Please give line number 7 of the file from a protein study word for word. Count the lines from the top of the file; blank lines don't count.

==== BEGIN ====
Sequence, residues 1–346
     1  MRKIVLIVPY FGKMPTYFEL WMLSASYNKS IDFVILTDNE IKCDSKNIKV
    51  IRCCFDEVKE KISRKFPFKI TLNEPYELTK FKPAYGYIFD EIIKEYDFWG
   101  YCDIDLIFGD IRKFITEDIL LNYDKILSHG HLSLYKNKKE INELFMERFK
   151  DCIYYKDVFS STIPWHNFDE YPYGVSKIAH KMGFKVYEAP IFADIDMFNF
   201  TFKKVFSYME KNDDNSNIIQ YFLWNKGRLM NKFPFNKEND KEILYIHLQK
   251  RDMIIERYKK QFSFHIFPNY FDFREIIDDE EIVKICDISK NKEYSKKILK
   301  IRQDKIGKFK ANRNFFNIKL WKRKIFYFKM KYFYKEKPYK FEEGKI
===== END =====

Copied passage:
   251  RDMIIERYKK QFSFHIFPNY FDFREIIDDE EIVKICDISK NKEYSKKILK